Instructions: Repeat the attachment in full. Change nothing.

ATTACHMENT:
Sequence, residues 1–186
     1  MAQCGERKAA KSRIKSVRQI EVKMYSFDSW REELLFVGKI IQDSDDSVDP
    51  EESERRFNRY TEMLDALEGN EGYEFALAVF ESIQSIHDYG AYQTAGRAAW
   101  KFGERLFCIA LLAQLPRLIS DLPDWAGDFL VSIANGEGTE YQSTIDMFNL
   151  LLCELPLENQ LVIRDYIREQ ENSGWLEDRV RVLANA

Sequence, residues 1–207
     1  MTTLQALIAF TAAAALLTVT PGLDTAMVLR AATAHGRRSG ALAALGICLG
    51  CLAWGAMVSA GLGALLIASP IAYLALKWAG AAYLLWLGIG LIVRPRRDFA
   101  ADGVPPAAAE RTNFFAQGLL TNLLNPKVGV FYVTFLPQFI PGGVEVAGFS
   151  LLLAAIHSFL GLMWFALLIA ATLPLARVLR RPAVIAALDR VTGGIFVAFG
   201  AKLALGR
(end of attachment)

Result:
Sequence, residues 1–186
     1  MAQCGERKAA KSRIKSVRQI EVKMYSFDSW REELLFVGKI IQDSDDSVDP
    51  EESERRFNRY TEMLDALEGN EGYEFALAVF ESIQSIHDYG AYQTAGRAAW
   101  KFGERLFCIA LLAQLPRLIS DLPDWAGDFL VSIANGEGTE YQSTIDMFNL
   151  LLCELPLENQ LVIRDYIREQ ENSGWLEDRV RVLANA

Sequence, residues 1–207
     1  MTTLQALIAF TAAAALLTVT PGLDTAMVLR AATAHGRRSG ALAALGICLG
    51  CLAWGAMVSA GLGALLIASP IAYLALKWAG AAYLLWLGIG LIVRPRRDFA
   101  ADGVPPAAAE RTNFFAQGLL TNLLNPKVGV FYVTFLPQFI PGGVEVAGFS
   151  LLLAAIHSFL GLMWFALLIA ATLPLARVLR RPAVIAALDR VTGGIFVAFG
   201  AKLALGR